Mobile Courts Bring Justice to Somalia's Rural Communities
For the residents of the Xaaji Kheyr village in Puntland, Somalia, it's a two-hour drive to the nearest court.
And due to the cost and time involved, most residents do not have a chance to seek justice.
But in 2009, the Puntland Supreme Court, with the support of UNDP, set up four mobile courts in order to bring justice to the region’s rural communities.
- Mobile courts brings justice closer to the community
- Annual cases doubling from 200 to 1750 in 2012
“Those living in remote areas leading nomadic lives and in country villages find it difficult to access the courts”, says Puntland Chief Magistrate Abdinoor Jama Hussein. “Generally a mere five percent of people use courts so the mobile courts serve them well.”
The courts consist of a judge, prosecutor, chief registrar and paralegal lawyer and adjudicate primarily civil and family cases, but also criminal cases.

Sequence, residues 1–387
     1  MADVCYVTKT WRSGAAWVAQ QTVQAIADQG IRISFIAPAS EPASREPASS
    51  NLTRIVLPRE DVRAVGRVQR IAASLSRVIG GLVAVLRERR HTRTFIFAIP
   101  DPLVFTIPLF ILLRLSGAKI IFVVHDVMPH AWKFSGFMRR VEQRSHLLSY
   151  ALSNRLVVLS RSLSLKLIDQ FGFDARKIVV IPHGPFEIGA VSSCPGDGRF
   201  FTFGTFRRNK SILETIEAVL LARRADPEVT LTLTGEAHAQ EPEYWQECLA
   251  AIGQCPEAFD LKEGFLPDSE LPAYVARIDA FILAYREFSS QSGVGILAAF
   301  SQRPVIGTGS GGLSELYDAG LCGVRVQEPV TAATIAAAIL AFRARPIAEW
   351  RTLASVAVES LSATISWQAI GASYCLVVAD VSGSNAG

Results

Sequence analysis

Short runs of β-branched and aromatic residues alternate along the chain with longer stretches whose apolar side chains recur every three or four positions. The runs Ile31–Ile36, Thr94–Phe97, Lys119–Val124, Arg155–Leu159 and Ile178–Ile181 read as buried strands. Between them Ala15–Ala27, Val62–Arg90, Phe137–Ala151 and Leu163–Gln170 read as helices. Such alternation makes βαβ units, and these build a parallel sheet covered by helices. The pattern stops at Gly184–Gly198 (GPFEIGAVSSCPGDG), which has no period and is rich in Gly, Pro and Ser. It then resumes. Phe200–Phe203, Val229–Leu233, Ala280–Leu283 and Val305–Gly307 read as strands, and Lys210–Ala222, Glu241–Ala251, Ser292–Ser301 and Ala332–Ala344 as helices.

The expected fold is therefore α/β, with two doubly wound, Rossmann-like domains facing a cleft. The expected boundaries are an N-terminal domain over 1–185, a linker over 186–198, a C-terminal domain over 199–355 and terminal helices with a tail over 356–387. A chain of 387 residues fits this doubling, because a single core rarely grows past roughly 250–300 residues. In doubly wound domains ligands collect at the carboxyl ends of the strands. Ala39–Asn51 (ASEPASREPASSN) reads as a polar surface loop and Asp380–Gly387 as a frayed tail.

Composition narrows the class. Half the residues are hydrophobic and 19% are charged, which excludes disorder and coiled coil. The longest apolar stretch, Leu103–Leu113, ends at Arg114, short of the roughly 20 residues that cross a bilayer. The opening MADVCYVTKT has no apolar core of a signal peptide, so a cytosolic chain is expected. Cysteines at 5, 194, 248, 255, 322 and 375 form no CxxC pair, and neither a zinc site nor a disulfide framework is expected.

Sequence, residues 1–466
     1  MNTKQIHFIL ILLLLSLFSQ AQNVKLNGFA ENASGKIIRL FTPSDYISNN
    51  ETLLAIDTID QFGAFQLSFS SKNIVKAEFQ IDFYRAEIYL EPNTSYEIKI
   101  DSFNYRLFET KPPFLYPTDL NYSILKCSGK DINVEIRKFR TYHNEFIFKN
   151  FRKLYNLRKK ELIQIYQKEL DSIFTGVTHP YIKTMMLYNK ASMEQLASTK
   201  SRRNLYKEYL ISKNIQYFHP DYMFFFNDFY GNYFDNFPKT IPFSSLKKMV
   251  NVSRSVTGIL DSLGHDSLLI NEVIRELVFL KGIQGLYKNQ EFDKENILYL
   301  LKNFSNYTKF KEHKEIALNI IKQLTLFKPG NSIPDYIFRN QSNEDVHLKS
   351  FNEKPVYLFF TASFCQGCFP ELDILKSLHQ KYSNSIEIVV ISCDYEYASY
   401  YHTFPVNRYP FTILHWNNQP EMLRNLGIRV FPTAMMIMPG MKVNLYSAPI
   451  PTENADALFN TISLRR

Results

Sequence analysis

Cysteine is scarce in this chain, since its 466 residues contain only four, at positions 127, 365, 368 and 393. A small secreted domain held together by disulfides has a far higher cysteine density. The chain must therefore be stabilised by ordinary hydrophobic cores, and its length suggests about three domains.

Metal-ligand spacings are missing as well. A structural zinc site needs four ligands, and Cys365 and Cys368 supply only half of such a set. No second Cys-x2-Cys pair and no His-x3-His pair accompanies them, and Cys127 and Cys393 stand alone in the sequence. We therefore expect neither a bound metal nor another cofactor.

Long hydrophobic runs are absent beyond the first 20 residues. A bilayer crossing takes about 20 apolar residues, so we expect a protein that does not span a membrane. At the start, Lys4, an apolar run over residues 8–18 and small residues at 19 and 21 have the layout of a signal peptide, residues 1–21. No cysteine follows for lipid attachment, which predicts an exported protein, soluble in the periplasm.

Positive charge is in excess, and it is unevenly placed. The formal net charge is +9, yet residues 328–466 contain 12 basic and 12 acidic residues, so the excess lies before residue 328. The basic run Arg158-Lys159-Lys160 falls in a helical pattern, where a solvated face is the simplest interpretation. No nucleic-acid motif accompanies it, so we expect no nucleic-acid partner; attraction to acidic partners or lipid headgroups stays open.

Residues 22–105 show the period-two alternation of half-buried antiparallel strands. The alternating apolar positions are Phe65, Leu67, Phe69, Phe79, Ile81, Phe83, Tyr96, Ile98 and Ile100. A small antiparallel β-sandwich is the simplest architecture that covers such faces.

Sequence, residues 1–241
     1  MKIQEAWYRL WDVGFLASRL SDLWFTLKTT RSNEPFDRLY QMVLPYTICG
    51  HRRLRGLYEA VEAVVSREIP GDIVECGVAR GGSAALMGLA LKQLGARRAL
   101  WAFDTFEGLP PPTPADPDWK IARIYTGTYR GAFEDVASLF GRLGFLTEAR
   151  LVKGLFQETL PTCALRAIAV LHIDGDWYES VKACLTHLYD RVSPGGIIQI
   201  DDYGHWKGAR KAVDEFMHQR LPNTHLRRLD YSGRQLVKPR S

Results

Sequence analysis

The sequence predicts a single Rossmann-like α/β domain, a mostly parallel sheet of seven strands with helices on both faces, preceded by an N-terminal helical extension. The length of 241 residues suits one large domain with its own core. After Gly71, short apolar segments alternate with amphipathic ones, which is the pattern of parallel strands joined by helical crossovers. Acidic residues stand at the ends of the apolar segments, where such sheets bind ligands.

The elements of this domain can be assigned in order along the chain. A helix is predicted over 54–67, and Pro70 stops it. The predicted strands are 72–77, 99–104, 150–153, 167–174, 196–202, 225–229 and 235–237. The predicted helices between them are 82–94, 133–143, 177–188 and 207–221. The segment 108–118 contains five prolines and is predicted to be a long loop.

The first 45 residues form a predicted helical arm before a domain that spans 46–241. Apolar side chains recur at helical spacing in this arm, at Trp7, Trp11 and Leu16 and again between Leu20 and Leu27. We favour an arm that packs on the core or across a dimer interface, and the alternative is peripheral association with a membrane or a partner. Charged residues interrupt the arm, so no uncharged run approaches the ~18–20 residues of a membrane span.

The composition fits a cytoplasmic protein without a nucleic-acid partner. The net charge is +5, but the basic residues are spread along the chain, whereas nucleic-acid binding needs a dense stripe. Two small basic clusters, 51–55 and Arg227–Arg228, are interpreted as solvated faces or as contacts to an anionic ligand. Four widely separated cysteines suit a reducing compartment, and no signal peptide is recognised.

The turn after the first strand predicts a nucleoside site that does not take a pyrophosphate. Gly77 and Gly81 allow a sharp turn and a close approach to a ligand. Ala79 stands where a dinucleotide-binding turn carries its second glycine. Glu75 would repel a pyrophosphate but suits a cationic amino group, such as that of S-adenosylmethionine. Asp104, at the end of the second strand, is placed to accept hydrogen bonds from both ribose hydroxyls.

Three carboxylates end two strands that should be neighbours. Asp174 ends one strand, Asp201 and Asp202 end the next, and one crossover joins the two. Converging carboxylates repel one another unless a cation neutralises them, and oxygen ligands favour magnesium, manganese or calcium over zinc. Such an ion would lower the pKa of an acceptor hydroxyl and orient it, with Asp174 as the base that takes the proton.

“The way the mobile courts work is that traditional elders and leaders call the chief justice and the main judges of the mobile courts telling them: We have so many cases, can you come to this village,” explains Simone Boneschi, UNDP Somalia’s Access to Justice Project Manager. Judges and prosecutors apply a mix of Shariah and customary law in solving the cases that are brought before them.
For Xaaji Kheyr resident Halima Hassan, having access to such mobile courts has been life-changing.. She was in an abusive marriage and unsuccessfully tried mediation to resolve the conflict between her and her husband. When she found out about the mobile courts she approached them to seek a divorce.
“I did not have any transport to take me to town”, she says “I called the court officials and they came to me. The case was heard and judgment was determined. It ended in a good way”.
Since mobile courts were launched in 2009, the annual caseload has doubled from 200 to 1750 in 2012. These mobile courts have proved to be very crucial in a society where even simple cases like stealing a goat can turn quickly escalate into conflicts between individuals and sometimes even between clans. They have thus proved to be very efficient conflict solution mechanisms.